Waking early, Scarlet’s mother Mary came down stairs and closed the sun room windows. While covering Maggie and Scarlet with blankets, she noted the smoky smell of her daughter’s hair. She moved to the pile of clothing on the floor, lifting up the individual pieces, reeking of stale beer.
She looked at her daughter, clutching her pillow like a once-loved stuffed animal. Then, Mary picked up the two half-filled milk glasses and moved to the kitchen to tidy the remnants of the girls’ evening escapades.
Once the room was satisfactorily clean, Mary made a pot of coffee. She sat at the kitchen table, cup in hand, bracing for the next round in the mother-daughter battle, where with each new day she was losing precious ground.
For more Scarlet O’Brien tales see:
Passages of Youth and Progressions
By Eileen Slovak
The Pick Up Line
By Eileen Slovak
Sprinting through the neighborhood, Caryn completed her daily four-miles in record time before sending a quick text to her sister, Kim: Will B ready 2-power shop in 15.
Back in her apartment, she showered coffee in hand, then, dressed hastily as her cell phone chirped signaling Kim was waiting. Moments later, Caryn climbed into the minivan. Kim handed her sister a homemade scone.
“Thanks, I didn’t have time to eat.”
“That’s why you’re so thin and I’m well, me,” Kim moaned.
Caryn shot her sister a look, “You’ve had two children and you’re too hard on yourself. So, what’s the emergency today?”
“Jeff forgot to tell me about his boss’s dinner party tomorrow night. It’s been months since we’ve been out for anything other than fast food and aside from jeans and t-shirts, everything in my closet is two sizes too small.”
“Hmmm,” Caryn said nibbling on her breakfast. “Okay, how about Anne Taylor or Nordstrom?”
“I was thinking more like Marshall’s or TJ’s.”
“Fine, but no clearance racks.”
“Not even a little one?” Kim asked sheepishly.
“Caryn, clearance means no one wanted it enough to pay full price.”
“Maybe it means no one saw its’ great potential.”
Caryn shook her head no, adding:
“So…you need me to babysit, then?”
“I hate to ask again, but if you don’t have plans…”
“Do I ever?”
“Speaking of plans…how about dinner at our house tonight?”
“Jeff and I would like you to come over, that’s all.”
Caryn raised an eyebrow, “Kim, you know how I feel about being fixed up.”
“Jeff’s friend Carl might stop by for drinks and we think he’s perfect for you.”
“Just give him a chance.”
Caryn sighed and asked, “So, what’s his story?”
“He’s single, new in the area, employed and in his mid-thirties.”
“I’ll think about it over shopping.”
In the fitting room’s three-way mirror, Caryn modeled a cute pair of jeans and a sweater, secretly hoping, despite herself, that Carl might be the one. Kim peered out of her stall, complaining.
“If department store owners had any sense, they’d install low lighting and fun house mirrors to make women look twenty pounds thinner. Help, I think I’m stuck!”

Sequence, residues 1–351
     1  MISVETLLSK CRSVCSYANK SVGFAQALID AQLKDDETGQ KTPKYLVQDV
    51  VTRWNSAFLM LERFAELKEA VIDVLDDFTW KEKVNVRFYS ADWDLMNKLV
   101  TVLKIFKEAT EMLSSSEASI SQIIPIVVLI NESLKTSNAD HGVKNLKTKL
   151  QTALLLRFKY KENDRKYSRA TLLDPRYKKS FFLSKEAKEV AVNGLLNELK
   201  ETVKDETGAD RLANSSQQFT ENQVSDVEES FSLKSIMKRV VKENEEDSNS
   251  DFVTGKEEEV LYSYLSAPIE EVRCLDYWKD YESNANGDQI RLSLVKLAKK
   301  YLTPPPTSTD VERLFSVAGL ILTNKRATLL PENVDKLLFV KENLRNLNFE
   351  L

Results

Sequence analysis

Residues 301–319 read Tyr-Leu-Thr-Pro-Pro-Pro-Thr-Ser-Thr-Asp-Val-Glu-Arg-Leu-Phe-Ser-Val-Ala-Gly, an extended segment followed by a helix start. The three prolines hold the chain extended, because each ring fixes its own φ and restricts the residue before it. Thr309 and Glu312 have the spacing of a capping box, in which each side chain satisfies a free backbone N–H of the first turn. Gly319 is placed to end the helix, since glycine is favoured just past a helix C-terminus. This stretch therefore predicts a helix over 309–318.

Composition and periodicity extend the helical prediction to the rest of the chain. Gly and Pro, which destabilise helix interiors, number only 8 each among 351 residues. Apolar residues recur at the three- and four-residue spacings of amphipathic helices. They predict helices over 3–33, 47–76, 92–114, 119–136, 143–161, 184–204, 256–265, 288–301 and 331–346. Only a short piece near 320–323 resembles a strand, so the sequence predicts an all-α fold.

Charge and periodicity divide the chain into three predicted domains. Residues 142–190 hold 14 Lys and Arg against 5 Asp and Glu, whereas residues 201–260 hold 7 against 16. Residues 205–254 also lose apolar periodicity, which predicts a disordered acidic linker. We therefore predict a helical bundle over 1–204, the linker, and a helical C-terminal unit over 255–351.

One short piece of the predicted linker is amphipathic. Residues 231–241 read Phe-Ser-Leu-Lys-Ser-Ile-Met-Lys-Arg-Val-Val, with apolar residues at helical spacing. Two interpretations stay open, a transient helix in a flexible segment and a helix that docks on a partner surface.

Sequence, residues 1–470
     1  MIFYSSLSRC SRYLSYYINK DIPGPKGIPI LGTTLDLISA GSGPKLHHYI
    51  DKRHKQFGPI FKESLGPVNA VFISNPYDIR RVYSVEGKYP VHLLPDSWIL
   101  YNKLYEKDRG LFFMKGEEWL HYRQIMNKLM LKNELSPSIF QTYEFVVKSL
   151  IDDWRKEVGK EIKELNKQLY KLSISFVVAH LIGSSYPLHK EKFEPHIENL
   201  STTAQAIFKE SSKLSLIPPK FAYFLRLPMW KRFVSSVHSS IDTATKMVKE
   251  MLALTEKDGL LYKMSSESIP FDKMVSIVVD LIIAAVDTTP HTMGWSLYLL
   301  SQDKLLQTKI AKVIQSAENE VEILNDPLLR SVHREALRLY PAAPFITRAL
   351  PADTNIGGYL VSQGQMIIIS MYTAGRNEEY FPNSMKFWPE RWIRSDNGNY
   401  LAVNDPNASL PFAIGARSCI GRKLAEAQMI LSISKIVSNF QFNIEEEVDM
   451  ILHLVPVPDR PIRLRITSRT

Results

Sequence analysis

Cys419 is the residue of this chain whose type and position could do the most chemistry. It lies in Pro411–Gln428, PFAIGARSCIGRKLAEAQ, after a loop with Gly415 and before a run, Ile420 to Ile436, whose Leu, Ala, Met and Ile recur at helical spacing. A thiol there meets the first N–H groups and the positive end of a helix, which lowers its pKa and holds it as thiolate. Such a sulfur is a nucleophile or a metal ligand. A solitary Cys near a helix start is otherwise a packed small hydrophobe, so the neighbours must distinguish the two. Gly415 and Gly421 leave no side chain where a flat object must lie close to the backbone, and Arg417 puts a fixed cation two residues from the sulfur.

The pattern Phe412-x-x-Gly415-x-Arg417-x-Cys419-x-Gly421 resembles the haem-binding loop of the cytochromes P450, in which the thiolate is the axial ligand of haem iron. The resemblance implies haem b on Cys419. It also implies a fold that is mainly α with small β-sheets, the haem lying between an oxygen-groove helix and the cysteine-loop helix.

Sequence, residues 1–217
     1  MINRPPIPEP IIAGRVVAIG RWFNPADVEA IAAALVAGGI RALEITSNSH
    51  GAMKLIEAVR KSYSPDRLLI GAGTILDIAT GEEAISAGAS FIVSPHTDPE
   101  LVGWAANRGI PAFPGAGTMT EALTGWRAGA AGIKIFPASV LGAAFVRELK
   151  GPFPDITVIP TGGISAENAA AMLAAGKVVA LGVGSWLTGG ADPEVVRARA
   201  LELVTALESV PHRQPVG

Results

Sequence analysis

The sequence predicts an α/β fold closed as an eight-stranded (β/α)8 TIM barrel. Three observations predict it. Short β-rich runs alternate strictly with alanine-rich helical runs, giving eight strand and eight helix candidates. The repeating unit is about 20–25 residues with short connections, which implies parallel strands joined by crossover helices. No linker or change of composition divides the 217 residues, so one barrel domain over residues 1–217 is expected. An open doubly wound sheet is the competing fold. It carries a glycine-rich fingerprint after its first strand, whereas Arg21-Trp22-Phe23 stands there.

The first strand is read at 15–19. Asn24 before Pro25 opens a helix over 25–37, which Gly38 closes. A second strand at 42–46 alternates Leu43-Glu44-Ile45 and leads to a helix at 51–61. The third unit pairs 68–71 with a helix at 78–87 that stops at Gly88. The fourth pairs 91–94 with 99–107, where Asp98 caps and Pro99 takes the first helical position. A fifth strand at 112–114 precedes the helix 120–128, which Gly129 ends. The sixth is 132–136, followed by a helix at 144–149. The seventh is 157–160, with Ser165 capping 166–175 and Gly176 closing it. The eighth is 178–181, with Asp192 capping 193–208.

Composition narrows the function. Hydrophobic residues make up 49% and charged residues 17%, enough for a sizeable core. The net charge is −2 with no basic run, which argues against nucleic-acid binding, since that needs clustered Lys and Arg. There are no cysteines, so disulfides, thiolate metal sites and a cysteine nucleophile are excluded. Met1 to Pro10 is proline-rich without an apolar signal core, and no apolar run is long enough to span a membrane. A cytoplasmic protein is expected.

“What did you do?” Caryn asked helping free her sister from a dress that would not budge over her hips or her shoulders.
“Maybe try wiggling out of it,” Caryn suggested.
“Let’s go look at shoes, at least my feet always stay the same size,” Kim laughed. “Is that what you’re wearing tonight?”
“I guess. You win, I’ll meet him.”
After dinner, Caryn helped Kim put the children to bed. When the doorbell rang, Caryn felt a twinge of nervous anticipation. On her way downstairs, she observed the man standing with Jeff: handsome, tall, fit…so far, so good. Then he began talking.
“Well, hello there. Carl Waters, pleasure to meet you Caryn. Wow, I see fire behind those gorgeous green eyes of yours.”
“Oh…well, it’s nice to meet you too,” Caryn said shaking hands.
“Let’s have a drink,” Jeff suggested, leading the group into the living room.
While Kim poured wine, Carl’s eyes wandered all over Caryn.
“Fine vintage, Kim. I don’t know if Jeff told you, but I’m a bit of a wine connoisseur. Let me tell you a quick story about a little tour I took around Napa…”
An hour later, Carl was still expounding with expertise on every subject from baseball to hunting to mountain biking, while periodically throwing comments Caryn’s way:
“Caryn, I hear you’re a runner? Well, let me tell you, you’ve been running through my mind all night.”
At nine o’clock, Caryn discretely sent a text. Ten minutes later, she reached for her coat.
“Kim, Jeff, thank you for a wonderful dinner. Carl, it was nice to meet you. Enjoy the rest of your evening.”
“What?” Kim asked incredulously.
“Kim, I’ll call you later.”
“Where are you off to so early? I was planning to take you home,” Carl, droned.
“Oh, no Carl, I wouldn’t dream of it, besides, I have a cab waiting. Goodnight all!” She called over her shoulder, making her escape. Breathing in the relief of the fresh outdoor air, she read the name on the door of the cab and laughed aloud: The Pick Up Line, Cab Company.
“Where’re you headed?” the driver asked.
“Far, far away,” she said hopping in the backseat.
“Sorry, never mind. The Willows Apartments please, on…”